Saturday, August 29, 2009

What's in a Name?

As a reader of the Akashic Records, I realize how important our names are in the whole scope of things. They literally set the vibrational pattern in our energy field. There is a belief out there that we might just choose our names before we are born and that our parents are then inspired with the name we have chosen. I've also heard the theory that the vowel sounds in our names are the ones that we need to hear to remind us of who we truly are, and what we are here for.

There things may or may not be true, but I have always been fascinated with names. Especially unusual or silly names. Remember the Hogg sisters in Texas who were named Ura and Ima? What a thing to do to two lovely young girls! I had a teacher in high school whose friend was named Nancy Ann Seancy....say that three time fast! My husband's great grandmother was saddled with the name of Fanny Buttolph! That always cracks up the young men in our family! Then there is the guy named Jim Shortz! And the lady who lived across the street from us when I was little was Jessie Annabella Rapohannock Mae Wolcott.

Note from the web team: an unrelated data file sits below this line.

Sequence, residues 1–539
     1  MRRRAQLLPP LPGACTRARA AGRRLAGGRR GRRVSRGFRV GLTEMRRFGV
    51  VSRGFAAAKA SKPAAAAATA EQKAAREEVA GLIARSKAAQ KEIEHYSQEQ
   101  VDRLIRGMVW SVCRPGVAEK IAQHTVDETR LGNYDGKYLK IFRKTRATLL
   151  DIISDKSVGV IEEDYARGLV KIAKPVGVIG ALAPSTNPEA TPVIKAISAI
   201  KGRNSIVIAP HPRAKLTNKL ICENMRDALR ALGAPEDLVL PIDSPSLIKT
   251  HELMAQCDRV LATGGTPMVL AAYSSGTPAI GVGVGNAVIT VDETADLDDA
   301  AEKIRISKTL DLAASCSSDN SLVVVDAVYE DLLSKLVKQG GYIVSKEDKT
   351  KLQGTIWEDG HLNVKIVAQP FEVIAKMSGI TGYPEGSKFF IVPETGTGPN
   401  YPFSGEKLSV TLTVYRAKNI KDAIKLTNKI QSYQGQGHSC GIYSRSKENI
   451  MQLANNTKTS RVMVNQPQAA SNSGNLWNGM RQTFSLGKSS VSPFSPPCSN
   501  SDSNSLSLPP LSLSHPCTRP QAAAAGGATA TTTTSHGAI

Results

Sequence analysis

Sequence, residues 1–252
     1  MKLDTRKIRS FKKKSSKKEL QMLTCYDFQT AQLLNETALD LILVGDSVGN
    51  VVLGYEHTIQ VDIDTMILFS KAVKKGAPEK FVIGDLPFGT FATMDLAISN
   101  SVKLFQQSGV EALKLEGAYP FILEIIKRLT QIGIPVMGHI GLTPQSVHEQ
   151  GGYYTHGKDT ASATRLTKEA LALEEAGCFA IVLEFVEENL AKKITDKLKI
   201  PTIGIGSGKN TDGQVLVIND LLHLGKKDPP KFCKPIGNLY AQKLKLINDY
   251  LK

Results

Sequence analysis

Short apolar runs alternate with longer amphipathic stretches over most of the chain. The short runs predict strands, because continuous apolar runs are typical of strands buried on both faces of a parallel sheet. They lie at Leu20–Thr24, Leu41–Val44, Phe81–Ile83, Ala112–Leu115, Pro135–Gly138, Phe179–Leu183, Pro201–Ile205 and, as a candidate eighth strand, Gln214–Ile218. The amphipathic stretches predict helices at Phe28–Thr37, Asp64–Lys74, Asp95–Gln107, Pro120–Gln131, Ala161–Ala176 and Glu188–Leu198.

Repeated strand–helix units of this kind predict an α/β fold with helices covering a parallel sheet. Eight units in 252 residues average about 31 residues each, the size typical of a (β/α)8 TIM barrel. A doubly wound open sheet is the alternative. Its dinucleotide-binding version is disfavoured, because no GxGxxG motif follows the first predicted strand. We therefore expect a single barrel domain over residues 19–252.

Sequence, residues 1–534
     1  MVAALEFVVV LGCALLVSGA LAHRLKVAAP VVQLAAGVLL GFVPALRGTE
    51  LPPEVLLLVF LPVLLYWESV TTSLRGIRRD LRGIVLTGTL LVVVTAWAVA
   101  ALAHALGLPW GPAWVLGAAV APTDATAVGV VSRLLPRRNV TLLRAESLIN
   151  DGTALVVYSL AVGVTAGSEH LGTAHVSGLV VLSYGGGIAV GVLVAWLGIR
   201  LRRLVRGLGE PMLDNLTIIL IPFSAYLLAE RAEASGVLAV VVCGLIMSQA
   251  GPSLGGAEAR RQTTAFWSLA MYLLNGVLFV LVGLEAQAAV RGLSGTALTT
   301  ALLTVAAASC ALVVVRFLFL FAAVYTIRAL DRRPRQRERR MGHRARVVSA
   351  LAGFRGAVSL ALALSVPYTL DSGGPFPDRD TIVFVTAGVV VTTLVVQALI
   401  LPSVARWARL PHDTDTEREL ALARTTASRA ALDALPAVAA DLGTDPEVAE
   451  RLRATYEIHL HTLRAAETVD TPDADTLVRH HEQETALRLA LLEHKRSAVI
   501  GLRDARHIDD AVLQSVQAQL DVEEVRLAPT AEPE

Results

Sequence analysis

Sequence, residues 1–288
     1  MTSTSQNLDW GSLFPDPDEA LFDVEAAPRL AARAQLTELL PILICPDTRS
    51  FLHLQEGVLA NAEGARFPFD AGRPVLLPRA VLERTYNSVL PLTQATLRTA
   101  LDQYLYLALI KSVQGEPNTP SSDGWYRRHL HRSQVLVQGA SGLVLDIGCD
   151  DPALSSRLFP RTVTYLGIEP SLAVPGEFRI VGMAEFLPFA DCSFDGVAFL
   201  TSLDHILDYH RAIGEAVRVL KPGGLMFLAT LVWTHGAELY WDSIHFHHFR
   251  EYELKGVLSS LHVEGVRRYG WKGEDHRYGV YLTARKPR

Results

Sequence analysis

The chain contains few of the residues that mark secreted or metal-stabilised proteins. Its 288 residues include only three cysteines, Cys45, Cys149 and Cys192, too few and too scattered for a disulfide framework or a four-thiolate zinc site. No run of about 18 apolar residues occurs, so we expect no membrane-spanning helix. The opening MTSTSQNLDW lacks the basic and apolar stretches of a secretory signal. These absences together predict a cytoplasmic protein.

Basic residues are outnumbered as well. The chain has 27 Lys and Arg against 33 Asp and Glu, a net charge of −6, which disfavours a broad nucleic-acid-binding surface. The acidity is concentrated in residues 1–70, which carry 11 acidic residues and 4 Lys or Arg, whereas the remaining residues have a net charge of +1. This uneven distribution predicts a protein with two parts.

Which brings us to the names of my sisters and myself. Our maiden name was Smith and our parents felt it was important to give us unusual first names to distinguish us from the crowd. Of course, as a young person I hated having a name that stood out. I wanted to be a Nancy or Susie so much that my cousins actually began calling me "Nansue". I finally grew into my name but it was a long time coming!

With the name Diantha I don't run into many people with the same name but it does happen. Imagine my chagrin when last year there was a teacher who was plastered all over the news with my exact same name: Diantha Harris. What are the odds! She had publicly and on film castigated one of her female students for voicing her support of John McCain rather than Mr. Obama. So far no one has mistaken me for her but it was an amazing coincidence!